Churches are popping up in schools, community centers, and warehouses. They’re meeting in movie theaters, coffee shops, and even comedy clubs. While many churches plant roots in permanent facilities, more and more are staying mobile by borrowing or renting space.
Derek DeGroot, an architect at Aspen Group, said, “These days, we’re seeing less money invested in design and build. Permanent facilities are, well … permanently costly. Times are changing, and the kinds of facilities churches use are changing, too.”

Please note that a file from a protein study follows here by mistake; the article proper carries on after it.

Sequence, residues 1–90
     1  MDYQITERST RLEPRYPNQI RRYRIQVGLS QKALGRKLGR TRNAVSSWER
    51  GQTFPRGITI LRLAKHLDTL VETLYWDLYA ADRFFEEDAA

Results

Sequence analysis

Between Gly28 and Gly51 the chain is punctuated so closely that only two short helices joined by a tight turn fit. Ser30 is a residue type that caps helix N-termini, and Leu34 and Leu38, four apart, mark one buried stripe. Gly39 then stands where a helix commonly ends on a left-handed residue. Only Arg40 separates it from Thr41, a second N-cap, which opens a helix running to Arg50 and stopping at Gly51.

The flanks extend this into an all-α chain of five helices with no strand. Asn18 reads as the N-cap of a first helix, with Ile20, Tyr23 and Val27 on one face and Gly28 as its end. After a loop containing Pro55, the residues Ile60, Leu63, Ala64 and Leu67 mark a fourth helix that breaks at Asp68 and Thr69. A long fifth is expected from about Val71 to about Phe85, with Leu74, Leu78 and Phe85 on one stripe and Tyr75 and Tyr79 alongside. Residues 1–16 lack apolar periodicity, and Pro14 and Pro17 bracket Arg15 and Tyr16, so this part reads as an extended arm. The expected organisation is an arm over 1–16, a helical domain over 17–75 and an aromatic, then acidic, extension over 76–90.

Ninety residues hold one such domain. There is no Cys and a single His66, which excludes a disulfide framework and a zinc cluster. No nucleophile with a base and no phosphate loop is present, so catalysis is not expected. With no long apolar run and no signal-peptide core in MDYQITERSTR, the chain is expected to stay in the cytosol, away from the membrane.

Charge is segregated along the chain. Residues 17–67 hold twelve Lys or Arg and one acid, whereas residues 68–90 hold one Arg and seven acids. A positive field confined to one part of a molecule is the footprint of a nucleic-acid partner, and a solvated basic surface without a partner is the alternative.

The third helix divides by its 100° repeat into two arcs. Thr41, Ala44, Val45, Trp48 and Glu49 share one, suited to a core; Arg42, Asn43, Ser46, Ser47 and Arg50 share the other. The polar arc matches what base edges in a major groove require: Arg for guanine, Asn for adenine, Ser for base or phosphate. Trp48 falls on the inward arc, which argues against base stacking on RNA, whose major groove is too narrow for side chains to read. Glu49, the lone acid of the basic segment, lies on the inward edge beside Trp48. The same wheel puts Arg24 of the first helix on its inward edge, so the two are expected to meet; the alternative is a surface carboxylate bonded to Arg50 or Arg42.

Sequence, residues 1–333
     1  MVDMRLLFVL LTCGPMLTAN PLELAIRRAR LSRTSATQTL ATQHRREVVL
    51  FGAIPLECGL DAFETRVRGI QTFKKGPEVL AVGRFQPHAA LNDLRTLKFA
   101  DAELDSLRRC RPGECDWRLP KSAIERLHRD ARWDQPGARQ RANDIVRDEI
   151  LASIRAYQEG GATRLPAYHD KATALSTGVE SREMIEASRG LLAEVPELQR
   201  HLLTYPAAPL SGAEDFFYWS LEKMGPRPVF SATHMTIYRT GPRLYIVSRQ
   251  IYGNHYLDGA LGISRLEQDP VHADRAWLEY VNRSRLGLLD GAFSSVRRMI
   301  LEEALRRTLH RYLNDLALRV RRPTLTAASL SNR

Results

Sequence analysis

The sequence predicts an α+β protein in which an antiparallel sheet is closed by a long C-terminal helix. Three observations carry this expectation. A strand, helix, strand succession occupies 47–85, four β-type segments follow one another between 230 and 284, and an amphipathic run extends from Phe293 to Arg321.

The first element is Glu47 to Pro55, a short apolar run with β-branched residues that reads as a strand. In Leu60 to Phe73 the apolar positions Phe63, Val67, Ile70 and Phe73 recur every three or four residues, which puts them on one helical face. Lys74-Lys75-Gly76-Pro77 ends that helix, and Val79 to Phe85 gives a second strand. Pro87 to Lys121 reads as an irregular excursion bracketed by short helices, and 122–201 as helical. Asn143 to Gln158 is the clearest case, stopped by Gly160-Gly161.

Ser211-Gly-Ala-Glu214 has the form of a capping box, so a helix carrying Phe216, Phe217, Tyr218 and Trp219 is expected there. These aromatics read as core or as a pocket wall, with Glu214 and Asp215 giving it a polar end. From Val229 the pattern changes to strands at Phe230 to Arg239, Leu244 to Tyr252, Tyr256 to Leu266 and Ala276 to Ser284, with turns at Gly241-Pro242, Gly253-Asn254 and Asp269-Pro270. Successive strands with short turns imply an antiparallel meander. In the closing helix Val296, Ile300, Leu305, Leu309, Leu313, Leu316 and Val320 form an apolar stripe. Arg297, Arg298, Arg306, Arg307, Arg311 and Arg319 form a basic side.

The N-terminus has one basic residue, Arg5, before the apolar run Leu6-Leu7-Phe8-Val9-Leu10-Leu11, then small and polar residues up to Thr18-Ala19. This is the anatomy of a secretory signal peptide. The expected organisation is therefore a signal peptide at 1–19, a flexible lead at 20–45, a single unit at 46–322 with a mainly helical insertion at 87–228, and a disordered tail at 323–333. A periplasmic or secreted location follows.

“We don’t have to worry about the responsibilities and costs of maintaining a building,” said Rachel Wassink, staff apprentice at City of Light Anglican Church, which meets in an elementary school gymnasium in Aurora, Illinois.
According to Currey Blandford, pastor of Life Church, which meets in a park district community center, church leaders with permanent buildings often say they’re jealous of his church, especially when they ...1